image_pdfimage_print

Kim Wilkins, Beth Driscoll, and Lisa Fletcher. Genre Worlds: Popular Fiction and Twenty-First-Century Book Culture.

In 2017, I reviewed Jeremy Rosen’s exploration of genre and late 20th/21st century publishing in Minor Characters Have Their Day for SHARP News. So it seems only fitting that 5 years later I have the opportunity to review Genre Worlds: Popular Fiction and Twenty-First-Century Book Culture by Kim Wilkins, Beth Driscoll, and Lisa Fletcher. Genre Worlds is a more expansive examination of genre in popular fiction than the work of Rosen and many others, and provides an important framework for the study of genre fiction. Genre Worlds follows an organizational structure that addresses the theory of genre worlds, relationship to the publishing industry, transnational and transmedia genre worlds, community and creativity, genre sociality (online and in-person), the texts themselves, concluding with genre worlds and change.

Performing Romance: BookTok and Teen Reading

BookTok, a corner of TikTok largely dominated by young women that is dedicated to reviewing, recommending, and reacting to a wide range of texts, is a driving force for book publishing and marketing. BookTok has become one of the “commanding forces in adult fiction,” helping “authors sell 20 million printed books in 2021” and increasing sales  an additional 50 percent in 2022.”[1] BookTokers define not only what books should be read, but how they might be properly experienced and valued, and invite questions both literary and sociological: what forms and language do BookToks rely on? What do BookTok creators value in novel reading? How do BookTokers perform the experience of reading?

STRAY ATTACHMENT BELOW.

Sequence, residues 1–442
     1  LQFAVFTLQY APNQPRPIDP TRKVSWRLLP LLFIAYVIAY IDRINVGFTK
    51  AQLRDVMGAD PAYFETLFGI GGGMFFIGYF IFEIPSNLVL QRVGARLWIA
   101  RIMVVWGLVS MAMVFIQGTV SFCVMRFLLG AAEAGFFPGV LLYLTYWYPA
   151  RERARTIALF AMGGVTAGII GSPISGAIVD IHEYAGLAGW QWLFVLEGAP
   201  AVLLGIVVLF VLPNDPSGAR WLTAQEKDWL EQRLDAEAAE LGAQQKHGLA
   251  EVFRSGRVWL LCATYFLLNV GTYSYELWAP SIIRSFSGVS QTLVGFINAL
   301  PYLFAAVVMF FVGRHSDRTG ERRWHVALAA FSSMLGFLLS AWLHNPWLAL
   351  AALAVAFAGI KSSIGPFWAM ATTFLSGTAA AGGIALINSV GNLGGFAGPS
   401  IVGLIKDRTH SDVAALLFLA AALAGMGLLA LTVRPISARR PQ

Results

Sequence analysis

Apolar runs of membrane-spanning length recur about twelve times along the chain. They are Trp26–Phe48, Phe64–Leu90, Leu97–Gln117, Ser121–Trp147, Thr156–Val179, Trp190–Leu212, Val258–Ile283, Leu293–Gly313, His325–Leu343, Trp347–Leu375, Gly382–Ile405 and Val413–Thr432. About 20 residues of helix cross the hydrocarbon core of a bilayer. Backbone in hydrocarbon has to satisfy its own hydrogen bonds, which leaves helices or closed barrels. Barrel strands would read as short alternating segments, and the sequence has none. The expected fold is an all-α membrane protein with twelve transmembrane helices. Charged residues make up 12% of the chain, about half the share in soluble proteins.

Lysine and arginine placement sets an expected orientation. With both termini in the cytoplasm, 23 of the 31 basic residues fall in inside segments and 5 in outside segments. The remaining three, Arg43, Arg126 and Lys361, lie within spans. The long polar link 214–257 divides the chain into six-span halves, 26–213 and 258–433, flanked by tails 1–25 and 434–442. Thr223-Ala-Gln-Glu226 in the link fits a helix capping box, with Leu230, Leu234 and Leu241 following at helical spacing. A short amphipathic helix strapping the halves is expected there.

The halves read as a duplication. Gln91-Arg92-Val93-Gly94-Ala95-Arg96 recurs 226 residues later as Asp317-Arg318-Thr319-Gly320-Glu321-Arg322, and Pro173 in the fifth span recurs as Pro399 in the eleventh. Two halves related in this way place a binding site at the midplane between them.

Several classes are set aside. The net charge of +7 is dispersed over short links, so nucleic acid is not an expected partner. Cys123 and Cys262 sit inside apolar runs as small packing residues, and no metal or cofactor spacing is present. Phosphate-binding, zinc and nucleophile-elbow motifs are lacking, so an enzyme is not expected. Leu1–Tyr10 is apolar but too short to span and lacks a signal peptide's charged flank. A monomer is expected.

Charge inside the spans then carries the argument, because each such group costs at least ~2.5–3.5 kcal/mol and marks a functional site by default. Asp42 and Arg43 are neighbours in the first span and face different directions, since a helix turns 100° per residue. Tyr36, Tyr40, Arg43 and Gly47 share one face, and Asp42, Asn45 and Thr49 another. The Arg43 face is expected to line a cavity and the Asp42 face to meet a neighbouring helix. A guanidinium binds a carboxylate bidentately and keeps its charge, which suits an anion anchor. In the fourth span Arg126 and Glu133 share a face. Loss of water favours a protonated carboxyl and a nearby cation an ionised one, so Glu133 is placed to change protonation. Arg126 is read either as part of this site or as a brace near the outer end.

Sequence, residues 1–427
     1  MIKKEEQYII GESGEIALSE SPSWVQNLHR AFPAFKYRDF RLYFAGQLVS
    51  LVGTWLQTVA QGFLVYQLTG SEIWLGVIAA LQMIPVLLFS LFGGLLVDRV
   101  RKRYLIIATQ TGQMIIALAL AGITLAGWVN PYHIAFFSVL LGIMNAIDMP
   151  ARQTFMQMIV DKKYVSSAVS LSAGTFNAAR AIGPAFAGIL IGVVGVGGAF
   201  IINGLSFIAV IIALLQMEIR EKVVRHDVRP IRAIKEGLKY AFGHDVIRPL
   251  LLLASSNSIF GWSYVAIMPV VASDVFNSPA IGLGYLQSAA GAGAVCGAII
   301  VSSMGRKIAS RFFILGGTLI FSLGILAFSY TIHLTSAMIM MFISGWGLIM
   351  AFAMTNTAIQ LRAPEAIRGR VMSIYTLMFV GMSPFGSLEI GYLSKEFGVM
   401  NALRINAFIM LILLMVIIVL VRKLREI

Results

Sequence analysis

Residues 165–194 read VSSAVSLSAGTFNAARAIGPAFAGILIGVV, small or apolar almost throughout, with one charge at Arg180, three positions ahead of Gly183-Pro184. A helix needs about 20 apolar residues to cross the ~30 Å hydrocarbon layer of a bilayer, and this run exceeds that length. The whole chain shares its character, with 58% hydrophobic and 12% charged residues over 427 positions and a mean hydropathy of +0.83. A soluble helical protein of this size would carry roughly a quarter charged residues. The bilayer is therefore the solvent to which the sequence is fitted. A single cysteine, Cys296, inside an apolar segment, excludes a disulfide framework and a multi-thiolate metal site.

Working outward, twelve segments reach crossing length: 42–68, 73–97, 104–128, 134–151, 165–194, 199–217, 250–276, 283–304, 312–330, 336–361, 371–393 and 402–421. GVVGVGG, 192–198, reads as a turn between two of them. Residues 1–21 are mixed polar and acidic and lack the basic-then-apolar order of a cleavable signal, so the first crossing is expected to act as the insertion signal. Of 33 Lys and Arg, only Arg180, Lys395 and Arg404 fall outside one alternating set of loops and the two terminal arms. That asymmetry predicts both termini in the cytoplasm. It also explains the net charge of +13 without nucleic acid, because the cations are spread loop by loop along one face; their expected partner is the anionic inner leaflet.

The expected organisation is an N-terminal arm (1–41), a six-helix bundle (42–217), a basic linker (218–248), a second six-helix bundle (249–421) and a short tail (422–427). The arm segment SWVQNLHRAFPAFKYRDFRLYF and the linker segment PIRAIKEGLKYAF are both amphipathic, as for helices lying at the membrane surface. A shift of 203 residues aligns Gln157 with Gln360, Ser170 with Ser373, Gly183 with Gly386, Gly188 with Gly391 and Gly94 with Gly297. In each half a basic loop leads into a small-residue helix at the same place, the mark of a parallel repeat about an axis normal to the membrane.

Under Your Skin: A History of the Necronomicon and Skin-Bound Books

The absence of evil books in real life hasn’t stopped us from imagining them in all manner of genres both past and present. And we love a good evil book, don’t we? Whether it’s Mister Babadook demanding entry into your home, the King in Yellow bringing carnage and ruin to the stage, or the Spirit grimoire manipulating a young magician in The Care Bears Movie, our fascination with malevolent tomes and nefarious publications continues to thrive. One of the more popular, if not the most popular, versions of this trope is the Necronomicon, a book as notorious as it is fictitious.